Tickets for autumn events can be purchased at participating libraries, by phone or online at where there is also a video showcasing the autumn events programme.

Thriving, not growing

A sit-up-and-listen talk from economist Kate Raworth, about an economic model that balances essential human needs and environmental boundaries. Can our economies grow forever? What does that demand do to the limited resources of our planet? A timely presentation with very local relevance, as Cambridgeshire’s Combined Authority has signed up with Government to double the growth of our local economy, while at the same time Cambridgeshire’s county council has declared a climate emergency.

Ely bypass overspend: the auditors report

The County Council’s auditors, LGSS, have carried out a full and extensive audit of the overspends on the Ely bypass. The resulting report has been presented to the council’s Audit and Accounts Committee.

The report found that “due to the desire of key stakeholders to get the project completed in the shortest timescales possible, and the consequent design of the Contract, insufficient time was given to the project planning stage which, when combined with the type of Contract used during construction, meant that the true costs of the project were not available to officers nor Members until the project was near completion”.

The report made six recommendations:

  1. Consideration should be given to whether the Constitution should be adapted to incorporate limits to delegating authority away from Committees, particularly when there are significant financial implications. In instances where officers are given delegated authority to make significant decisions outside of their ordinary powers as stated in the Scheme of Delegation, even in consultation with some Members, then reports should be provided to relevant Members or Committee which outline the decision that was taken, particularly in high-risk areas or projects.
  2. Future projects should follow a procurement and design stage which takes full account of advice from key officers, the procurement team, any external consultants and suppliers. This should include a provision for extending certain phases of projects; such as the design stage. The relevant Committee on any project should be made aware of any risks associated with the procurement/design process being recommended to them, including any impact this might have on the final costs of the Project.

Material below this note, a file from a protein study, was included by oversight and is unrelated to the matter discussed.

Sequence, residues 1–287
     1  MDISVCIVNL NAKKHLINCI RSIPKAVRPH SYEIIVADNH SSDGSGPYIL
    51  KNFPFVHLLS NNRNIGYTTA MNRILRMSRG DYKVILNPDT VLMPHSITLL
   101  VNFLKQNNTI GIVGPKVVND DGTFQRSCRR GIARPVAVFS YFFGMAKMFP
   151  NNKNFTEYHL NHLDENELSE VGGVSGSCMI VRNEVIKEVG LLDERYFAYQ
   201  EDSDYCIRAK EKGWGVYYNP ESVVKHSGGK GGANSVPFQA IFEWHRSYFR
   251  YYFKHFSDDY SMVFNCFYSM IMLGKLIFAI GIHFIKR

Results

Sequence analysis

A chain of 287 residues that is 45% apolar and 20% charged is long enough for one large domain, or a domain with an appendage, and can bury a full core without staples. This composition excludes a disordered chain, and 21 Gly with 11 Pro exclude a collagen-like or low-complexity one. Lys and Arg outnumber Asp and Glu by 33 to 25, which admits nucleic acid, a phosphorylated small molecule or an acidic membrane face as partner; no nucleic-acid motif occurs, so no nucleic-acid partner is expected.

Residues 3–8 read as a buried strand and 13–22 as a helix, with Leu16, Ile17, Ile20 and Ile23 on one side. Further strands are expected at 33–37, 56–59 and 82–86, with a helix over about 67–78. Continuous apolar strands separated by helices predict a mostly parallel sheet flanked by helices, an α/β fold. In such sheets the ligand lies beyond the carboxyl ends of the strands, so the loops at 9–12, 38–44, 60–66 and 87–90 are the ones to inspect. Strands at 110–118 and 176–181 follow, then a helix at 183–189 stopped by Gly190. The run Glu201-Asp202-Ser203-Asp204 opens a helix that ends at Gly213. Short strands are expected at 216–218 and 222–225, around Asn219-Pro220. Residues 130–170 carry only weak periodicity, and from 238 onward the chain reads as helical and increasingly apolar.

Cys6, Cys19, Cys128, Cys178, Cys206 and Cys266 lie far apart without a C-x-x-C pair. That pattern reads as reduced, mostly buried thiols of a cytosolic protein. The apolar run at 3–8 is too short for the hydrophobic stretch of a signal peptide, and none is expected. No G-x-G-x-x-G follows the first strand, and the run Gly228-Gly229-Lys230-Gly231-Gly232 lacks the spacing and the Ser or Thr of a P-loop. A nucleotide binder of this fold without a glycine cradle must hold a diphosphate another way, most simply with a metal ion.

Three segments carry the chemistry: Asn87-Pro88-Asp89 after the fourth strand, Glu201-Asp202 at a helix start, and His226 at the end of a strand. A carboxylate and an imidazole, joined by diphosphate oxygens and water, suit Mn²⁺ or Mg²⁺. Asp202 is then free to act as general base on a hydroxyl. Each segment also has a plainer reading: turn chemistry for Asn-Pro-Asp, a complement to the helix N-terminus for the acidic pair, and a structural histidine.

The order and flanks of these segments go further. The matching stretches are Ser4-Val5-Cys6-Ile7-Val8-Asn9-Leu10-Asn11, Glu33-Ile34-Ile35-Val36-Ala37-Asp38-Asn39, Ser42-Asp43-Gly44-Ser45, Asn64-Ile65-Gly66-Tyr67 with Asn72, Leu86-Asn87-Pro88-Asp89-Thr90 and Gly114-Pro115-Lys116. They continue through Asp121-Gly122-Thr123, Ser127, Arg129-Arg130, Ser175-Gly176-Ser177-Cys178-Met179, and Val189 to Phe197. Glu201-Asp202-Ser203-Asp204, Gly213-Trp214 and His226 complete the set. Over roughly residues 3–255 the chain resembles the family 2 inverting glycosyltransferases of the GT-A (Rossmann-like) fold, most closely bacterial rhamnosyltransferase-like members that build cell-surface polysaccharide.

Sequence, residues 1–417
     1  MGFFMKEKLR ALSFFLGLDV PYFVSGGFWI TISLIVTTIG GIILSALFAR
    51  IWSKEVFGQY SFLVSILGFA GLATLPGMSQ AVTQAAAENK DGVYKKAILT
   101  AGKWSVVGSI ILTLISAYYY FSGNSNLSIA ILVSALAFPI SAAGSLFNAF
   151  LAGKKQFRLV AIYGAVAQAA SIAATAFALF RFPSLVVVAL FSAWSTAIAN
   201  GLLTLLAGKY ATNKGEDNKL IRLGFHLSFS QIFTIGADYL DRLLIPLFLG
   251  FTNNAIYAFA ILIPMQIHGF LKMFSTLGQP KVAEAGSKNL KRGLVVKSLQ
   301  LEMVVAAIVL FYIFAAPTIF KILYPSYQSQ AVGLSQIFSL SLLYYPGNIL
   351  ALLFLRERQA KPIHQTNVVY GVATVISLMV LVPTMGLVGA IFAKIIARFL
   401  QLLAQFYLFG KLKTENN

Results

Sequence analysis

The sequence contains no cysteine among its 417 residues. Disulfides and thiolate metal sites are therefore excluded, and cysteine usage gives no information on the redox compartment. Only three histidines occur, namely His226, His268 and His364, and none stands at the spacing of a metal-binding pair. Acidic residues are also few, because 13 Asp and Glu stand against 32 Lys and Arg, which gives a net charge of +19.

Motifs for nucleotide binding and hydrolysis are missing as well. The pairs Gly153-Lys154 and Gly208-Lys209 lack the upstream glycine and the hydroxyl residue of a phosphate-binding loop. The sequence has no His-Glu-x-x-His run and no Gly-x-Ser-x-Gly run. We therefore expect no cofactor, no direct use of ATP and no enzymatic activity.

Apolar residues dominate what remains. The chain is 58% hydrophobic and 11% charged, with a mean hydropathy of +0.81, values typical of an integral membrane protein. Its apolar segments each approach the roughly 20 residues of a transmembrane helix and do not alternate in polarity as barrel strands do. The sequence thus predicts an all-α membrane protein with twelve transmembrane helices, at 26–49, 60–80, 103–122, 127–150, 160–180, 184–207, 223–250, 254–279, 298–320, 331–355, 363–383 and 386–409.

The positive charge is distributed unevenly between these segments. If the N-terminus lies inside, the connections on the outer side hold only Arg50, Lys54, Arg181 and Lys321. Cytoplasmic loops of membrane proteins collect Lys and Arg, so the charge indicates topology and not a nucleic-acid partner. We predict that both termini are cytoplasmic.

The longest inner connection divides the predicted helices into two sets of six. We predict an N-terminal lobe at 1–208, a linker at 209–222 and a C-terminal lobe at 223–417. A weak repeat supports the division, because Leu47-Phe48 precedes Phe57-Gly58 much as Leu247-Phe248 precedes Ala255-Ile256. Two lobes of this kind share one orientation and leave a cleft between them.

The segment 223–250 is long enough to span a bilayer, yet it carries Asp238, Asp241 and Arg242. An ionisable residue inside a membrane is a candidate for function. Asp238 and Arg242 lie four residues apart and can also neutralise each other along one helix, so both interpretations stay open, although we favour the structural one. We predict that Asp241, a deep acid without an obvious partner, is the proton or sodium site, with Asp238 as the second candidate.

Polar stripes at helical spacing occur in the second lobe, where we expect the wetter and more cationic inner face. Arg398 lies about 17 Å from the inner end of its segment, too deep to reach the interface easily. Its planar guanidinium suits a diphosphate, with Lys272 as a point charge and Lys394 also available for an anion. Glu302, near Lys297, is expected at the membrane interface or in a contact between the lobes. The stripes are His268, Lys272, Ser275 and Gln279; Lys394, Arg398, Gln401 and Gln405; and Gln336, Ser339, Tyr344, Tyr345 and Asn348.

3. In instances such as the Ely Bypass project, with numerous spend increases compared the original budgeted and contracted amounts, regular updates should be taken to the relevant Committee. These updates should include the current price and the most up-to-date target/expected final price, along with a detailed project risk register, which should give an overview of the key areas where further price increases may occur, as well as the likelihood of these price increases.
  4. The Project Board should insist on the most up-to-date figures on cost at all times, even if the final expected figure is not known. Further, rather than being left to individual officers to decide when the Committee is informed on the progress being made on the project or on any price increases, this decision should have been made by the Project Board, who should dictate when any risks on the project, including any overspends, are presented to Committee.
  5. Directors should manage, or if necessary escalate, situations where there is pressure to pursue actions that do not follow normal governance rules. It is recommended that a simple procedure is put in place for instances requiring escalation through a short report to the next available Joint Management Team. Regarding this recommendation, the Internal Audit team will always be available to support officers with emailed advice on procedures should there be a need.